Friday, July 07, 2006

Screening school children

Today, psychologists are calling for “mandatory, universal behavioral screening” and psychiatrists want mandatory “depression screening.” With a license to inspect every pre-schooler, psychologists falsely claim they can identify those “at risk” of becoming unstable, anti-social and even violent.

One “teen screen” program in the United States claims that if youth were found to be “at risk” and were treated, suicides could be prevented. The “health” survey asks students questions such as, “Has there been a time when nothing was fun for you and you just weren’t interested in anything?” “Has there been a time when you felt you couldn’t do anything well or that you weren’t as good-looking or as smart as other people?” With enough checks against the question, the next questionnaire, called the “Diagnostic Interview Schedule for Children” (DISC), purportedly checks for 18 psychiatric disorders. Voila! The child is referred to a psychologist or psychiatrist and, usually, prescribed drugs.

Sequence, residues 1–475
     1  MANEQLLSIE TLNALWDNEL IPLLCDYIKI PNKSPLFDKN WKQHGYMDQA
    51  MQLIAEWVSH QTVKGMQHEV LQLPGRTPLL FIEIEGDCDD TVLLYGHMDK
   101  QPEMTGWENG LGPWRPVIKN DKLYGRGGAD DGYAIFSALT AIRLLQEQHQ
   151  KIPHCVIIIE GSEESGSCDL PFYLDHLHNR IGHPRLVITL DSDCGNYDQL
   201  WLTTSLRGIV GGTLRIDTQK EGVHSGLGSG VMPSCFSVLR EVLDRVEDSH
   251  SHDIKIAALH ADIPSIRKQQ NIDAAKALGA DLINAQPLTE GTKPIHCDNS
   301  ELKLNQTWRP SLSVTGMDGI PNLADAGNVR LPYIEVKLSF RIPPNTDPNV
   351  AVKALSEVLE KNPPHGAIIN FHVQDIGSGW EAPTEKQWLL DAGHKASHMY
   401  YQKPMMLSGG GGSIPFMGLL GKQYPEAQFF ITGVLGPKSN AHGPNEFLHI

Harvard University psychiatrist Joseph Glenmullen says the questionnaire of symptoms used to “diagnose” depression “may look scientific,” but “when one examines the questions asked and the scales used, they are utterly subjective measures….”

Such “depression screening” in the general community has undoubtedly influenced the 60 million prescriptions for antidepressants written in the U.S.—about 10% of the American population, including 1.5 million children. England’s “Defeat Depression Campaign” resulted in the “prescribing of antidepressants by general practitioners rising substantially.”

For more info about Teen screening, check out

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